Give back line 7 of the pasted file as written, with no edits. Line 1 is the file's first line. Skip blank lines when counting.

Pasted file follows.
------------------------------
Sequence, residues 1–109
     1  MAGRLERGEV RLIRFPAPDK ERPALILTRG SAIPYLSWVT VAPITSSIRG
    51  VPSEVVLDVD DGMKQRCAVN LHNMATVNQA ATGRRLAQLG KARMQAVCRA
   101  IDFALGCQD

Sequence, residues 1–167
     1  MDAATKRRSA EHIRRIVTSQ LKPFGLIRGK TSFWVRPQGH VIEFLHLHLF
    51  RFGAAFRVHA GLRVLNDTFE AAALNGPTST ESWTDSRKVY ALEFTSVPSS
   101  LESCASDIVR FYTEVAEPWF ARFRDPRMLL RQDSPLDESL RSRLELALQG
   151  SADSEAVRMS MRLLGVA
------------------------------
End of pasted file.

    51  RFGAAFRVHA GLRVLNDTFE AAALNGPTST ESWTDSRKVY ALEFTSVPSS